Without enough insulin, glucose builds up in the blood. Since the body is unable to use glucose for energy, it breaks down fat instead.

Fatty Acids
Fatty acids are the building blocks of the fat in our bodies and in the food we eat.

During digestion, the body breaks down fats into fatty acids, which can then be absorbed into the blood.

Fatty acid molecules are usually joined together in groups of three, forming a molecule called a triglyceride.

(HHNC) Hyperosmolar hyperglycemic nonketotic coma
More often caused by type 2
no sweet smelling breath
Excessive urination results in dehydration
Slower, more gradual onset
800 or above
it will say HI on a glucometer
Could be in a coma

Hyperglycemic crisis (Diabetic Coma)
Blood glucose is too high

A state of unconsciousness resulting from several problems, including ketoacidosis, hyperglycemia and dehydration resulting from excessive urination

A lot more critical. If untreated can result in death.
You have to bring it down slowly. If you drop it down to fast it could result in severe brain swelling

Needs ALS

Hypoglycemic Crisis (Insulin Shock)
Insufficient glucose in the blood.
to much insulin.
May have vomited after a meal or just engaged in rigorous physical acitivity

treat with oral glucose
should have a set of vitals before and after glucose.

When should you check vitals in a hypoglycemic patient
Before and after you administer oral glucose

Where do you administer oral glucose
between the gum and cheek

What is the poem for remembering what the skin tells you about hyper and hypoglycemia patients
Hot and dry, sugar is high
Cool and clammy, needs some candy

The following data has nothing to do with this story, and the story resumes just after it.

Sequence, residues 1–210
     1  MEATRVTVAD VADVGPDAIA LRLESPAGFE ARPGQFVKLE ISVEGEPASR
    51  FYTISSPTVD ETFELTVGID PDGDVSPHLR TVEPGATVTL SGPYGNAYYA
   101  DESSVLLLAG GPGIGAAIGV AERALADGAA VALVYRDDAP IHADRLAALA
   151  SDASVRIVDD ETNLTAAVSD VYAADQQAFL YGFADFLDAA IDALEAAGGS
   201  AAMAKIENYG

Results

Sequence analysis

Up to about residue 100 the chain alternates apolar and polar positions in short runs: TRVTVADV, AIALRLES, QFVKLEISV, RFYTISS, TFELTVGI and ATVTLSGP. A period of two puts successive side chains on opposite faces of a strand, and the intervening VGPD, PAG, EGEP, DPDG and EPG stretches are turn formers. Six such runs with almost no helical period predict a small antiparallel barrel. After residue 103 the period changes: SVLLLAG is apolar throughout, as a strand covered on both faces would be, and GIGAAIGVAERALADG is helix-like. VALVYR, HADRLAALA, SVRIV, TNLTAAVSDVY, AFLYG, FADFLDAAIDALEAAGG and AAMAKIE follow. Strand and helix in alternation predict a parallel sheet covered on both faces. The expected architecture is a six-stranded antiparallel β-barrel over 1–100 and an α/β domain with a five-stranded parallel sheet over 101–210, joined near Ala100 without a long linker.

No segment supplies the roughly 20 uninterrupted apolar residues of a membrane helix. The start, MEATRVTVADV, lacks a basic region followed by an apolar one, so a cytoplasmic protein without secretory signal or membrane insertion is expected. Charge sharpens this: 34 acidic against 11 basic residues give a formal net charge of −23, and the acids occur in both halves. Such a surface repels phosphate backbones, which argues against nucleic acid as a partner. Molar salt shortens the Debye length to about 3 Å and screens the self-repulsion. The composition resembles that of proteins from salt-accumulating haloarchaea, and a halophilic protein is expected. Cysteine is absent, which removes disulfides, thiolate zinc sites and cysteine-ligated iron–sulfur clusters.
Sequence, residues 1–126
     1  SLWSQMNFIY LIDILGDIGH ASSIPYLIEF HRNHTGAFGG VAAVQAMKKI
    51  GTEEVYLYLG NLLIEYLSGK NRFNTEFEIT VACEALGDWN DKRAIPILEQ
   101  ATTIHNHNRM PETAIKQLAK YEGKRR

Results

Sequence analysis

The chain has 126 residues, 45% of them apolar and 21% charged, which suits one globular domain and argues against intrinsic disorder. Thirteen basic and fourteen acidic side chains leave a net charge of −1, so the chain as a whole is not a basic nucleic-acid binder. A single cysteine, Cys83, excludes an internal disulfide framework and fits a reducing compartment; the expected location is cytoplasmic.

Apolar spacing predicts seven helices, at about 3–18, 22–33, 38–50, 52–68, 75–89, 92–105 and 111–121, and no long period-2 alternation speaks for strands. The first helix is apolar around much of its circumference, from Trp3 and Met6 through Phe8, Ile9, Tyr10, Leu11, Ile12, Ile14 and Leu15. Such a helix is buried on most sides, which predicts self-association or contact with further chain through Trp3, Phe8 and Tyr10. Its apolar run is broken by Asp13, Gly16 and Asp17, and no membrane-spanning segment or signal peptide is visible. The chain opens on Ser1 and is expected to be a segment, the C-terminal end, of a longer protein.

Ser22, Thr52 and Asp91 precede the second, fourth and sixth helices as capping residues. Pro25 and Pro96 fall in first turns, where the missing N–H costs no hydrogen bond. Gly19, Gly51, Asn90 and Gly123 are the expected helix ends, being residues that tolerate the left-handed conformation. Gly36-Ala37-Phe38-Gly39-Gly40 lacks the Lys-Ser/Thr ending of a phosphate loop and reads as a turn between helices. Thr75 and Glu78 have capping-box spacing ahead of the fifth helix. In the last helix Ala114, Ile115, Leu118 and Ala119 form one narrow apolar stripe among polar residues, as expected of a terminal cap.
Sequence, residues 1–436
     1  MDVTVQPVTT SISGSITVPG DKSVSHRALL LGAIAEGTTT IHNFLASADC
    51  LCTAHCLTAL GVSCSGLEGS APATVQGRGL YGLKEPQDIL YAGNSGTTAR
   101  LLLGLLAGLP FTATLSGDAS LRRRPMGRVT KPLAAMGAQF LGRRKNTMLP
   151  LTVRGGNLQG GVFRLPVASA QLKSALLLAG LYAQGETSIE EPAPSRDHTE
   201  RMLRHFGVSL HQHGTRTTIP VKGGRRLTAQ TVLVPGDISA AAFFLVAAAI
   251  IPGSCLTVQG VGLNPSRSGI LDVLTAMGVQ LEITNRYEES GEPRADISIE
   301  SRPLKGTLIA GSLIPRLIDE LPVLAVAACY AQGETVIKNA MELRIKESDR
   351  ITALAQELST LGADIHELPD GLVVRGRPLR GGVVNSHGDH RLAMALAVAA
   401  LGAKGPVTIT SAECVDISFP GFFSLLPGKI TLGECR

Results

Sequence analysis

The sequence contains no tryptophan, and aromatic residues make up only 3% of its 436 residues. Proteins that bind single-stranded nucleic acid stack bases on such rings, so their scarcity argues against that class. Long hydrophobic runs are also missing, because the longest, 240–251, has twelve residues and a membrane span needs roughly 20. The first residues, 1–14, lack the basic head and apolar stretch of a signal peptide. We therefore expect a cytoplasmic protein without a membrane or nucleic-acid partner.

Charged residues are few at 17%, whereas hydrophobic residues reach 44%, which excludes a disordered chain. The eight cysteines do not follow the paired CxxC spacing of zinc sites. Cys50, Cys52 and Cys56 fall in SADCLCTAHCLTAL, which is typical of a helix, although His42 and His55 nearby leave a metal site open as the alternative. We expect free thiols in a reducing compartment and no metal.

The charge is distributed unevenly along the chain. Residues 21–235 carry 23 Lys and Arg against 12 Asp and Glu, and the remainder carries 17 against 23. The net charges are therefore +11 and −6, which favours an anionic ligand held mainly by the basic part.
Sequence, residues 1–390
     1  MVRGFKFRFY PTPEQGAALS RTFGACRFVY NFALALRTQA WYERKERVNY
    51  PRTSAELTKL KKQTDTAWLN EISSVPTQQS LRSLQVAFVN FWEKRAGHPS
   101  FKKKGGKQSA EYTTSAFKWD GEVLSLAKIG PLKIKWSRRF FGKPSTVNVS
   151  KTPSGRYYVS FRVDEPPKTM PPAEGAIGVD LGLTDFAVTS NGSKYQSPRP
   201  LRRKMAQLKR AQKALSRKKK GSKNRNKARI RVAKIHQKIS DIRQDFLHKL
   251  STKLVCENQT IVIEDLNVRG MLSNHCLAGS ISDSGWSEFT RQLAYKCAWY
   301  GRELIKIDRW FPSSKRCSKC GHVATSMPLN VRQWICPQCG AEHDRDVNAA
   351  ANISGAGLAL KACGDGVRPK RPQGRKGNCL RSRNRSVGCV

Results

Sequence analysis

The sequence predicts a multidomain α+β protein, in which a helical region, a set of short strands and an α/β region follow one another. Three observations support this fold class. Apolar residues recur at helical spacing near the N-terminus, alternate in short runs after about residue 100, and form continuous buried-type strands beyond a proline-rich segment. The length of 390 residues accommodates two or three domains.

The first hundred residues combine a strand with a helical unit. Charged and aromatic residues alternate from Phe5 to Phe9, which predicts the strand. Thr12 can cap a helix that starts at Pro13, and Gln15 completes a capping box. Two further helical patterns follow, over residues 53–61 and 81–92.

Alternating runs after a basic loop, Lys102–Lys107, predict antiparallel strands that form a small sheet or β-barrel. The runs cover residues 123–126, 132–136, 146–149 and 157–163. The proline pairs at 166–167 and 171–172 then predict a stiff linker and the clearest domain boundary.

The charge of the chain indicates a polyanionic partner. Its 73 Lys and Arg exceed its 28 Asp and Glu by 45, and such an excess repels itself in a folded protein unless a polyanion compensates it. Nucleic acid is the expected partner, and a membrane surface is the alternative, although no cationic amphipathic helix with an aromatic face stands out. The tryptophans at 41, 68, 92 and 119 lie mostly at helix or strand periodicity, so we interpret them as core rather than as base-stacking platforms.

Altered mental status is what priority?
High priority

What questions should you ask? When establishing an accurate history.
Did you take anything to lower your blood sugar?
Have you eaten normally today ?
Are you insulin dependent?

Can EMT-B use a glucometer
Yes

How do you take a proper glucose reading
Swab it
Dry IT
Poke it
Wipe It
Test It

Should you wear gloves when adminstering oral glucose
Yes

Should you check a blood sugar on anybody with AMS
Yes

Hematology
The study and prevention of blood related disorders

Red Blood Cells
The blood cells that carry oxygen. Red cells contain hemoglobin and it is the hemoglobin which permits them to transport oxygen

Plasma
The colorless fluid part of blood.

Platlets
Platelets, also called thrombocytes are a component of blood whose function is to stop bleeding by clumping and clotting blood vessel injuries.

White Blood Cells
White blood cells (WBCs), also called leukocytes or leucocytes, are the cells of the immune system that are involved in protecting the body

Sickle Cell Disease
Sick red blood cells
only live for 16 days
could cause hypoxia
rupture of blood vessels for spleen
S shaped red blood cell

Leukocytes
a colorless cell that circulates in the blood and body fluids and is involved in counteracting foreign substances and disease; a white (blood) cell.

Erythrocytes
Red blood cells (RBCs), also called erythrocytes, are the most common type of blood cell and the principal means of delivering oxygen (O2) to the body tissues.

Hemoglobin
Hemoglobin is the protein molecule in red blood cells that carries oxygen from the lungs to the body’s tissues and returns carbon dioxide from the tissues back to the lungs

Vaso-occlusive crisis
Blood flow to organs is restrcted

aplastic crisis
worsening of baseline amenia
(lack of circulation red blood cells in the body)

Hemolytic Crisis
an acute, accelerated drop in hemoglobin level

Splenic sequestraion
acute enlargment of the spleen

Thrombophilia
Thrombophilia is a condition where the blood has an increased tendency to form clots. Blood clots can cause problems such as deep vein thrombosis (DVT) or pulmonary embolism.

Can you live without a spleen
Yes

S/s of Sickle Cell
Periodic episodes of pain, called crises, are a major symptom of sickle cell anemia

Complications of Sickle cell
Gall Stones
Jaundice
Avascular Necrosis